The PDBrick Is a USB Power Delivery Box with Serious Oomph, Pushing an Impressive 1.7kW

If you find yourself having to power 28 USB devices at once, of which up to four can draw 100W, the PDBrick is the charger for you.

Gareth Halfacree
5 months ago β€’ HW101

Semi-pseudonymous maker "LeoDJ" and colleague "Techbeard" have built a USB power supply that's capable of a 1.7kW total output, split across 24 USB Type-C ports and four USB Type-A ports.

"Now introducing: PDBrick! 1.7kW worth of raw USB-C PD [Power Delivery] power," LeoDJ writes of the chunky metal box festooned with USB ports. "The whole project was fuelled by initially finding really cheap DC-to-PD [Direct Current to USB Power Delivery] modules on AliExpress. And for cheap but powerful power supplies, there was basically only one logical choice: used server power supplies.

"[Just for fun], I did a basic CAD mock-up of how the modules and PSUs could fit together. It was too stupid and cheap to not give it a shot."

With a handful of 64W and 100W USB Power Delivery adapters in hand, and a thermal camera to check that the low-cost boards weren't going to overheat under a sustained load, the pair set about building the power supply β€” arranging the USB PD modules into a 4Γ—5 array in a housing with PCB front plates, vented to allow the server PSUs to draw air through the chassis and cool all the components.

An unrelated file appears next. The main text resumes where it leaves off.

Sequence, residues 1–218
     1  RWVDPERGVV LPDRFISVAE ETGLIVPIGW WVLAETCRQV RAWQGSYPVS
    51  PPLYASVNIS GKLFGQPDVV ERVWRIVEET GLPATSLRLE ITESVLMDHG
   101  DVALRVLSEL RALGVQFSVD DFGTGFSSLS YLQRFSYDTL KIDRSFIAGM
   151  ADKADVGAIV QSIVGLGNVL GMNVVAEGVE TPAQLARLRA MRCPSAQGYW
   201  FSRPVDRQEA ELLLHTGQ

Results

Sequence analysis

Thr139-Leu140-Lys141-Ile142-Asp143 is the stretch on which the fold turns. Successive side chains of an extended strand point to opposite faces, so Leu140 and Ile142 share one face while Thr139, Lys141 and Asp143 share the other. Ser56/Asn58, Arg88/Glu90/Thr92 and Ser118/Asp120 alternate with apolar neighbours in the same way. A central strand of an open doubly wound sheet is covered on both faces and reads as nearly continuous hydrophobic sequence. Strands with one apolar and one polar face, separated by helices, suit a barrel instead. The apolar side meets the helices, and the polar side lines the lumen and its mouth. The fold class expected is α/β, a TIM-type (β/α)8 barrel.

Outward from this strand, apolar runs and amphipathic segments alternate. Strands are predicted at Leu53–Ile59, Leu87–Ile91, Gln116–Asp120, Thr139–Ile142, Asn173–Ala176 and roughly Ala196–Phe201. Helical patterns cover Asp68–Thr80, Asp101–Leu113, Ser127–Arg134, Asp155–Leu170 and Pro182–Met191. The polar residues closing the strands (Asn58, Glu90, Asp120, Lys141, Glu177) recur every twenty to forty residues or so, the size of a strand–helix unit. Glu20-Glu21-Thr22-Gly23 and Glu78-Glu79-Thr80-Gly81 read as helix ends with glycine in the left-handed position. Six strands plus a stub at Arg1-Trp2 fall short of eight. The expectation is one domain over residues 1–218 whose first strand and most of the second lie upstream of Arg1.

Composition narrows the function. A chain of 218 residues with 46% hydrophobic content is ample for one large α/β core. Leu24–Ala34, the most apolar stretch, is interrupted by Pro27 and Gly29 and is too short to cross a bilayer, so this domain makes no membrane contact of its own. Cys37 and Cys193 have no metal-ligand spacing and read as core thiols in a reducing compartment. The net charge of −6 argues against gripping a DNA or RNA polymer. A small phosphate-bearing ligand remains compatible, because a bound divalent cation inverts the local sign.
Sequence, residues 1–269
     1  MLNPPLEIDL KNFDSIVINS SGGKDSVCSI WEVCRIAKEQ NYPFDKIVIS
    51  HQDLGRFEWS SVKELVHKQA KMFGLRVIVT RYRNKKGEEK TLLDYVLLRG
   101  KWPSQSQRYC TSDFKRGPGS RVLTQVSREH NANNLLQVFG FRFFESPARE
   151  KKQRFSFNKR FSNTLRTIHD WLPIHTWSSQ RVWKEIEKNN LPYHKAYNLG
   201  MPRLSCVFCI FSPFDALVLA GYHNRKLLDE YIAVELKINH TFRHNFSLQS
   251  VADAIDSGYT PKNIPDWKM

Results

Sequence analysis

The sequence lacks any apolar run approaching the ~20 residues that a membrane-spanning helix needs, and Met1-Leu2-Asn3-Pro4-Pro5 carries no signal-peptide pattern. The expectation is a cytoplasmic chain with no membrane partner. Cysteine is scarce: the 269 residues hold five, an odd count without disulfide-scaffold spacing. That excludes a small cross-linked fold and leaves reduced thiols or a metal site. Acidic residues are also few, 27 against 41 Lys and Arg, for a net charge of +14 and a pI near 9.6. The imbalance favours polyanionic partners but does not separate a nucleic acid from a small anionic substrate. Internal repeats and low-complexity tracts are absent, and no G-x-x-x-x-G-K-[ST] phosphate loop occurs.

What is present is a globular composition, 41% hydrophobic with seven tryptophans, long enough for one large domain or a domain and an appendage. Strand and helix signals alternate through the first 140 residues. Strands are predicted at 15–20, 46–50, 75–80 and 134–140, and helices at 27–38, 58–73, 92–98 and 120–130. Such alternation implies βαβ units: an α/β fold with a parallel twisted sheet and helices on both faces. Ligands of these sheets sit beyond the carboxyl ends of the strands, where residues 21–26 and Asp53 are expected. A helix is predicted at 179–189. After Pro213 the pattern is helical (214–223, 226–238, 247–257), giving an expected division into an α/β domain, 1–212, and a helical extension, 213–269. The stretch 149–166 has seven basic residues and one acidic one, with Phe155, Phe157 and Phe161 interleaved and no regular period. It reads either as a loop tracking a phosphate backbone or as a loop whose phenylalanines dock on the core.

"Four rows of five 65W modules are screwed onto aluminum strips with thermal pads in between," LeoDJ explains. "These strips are then inserted into two 3D-printed side rails, which are then screwed to the front panel. This is also the thermal solution. Because it should almost never happen that all modules of a row are fully utilized, the heat should spread and thus get carried away by the airflow better."

The heatsinking system proved effective, to the point it made soldering a challenge, and the hardware was attached to a backplane PCB β€” with what LeoDJ describes as "wonky speed holes" for airflow. Everything was then fitted into an aluminum chassis, with an OLED panel and an Espressif ESP32 microcontroller reading SMBUS data from the low-side power supply for statistics display.

"I noticed that the values coming from the PSU were pretty hit & miss," LeoDJ admits. "Especially during light loads. So I simply used the values that matched the actual values closest and doubled them."

More build details are available on LeoDJ's Mastodon thread, while the design files and source code have been published to GitHub under an unspecified license.

Gareth Halfacree
Freelance journalist, technical author, hacker, tinkerer, erstwhile sysadmin. For hire:
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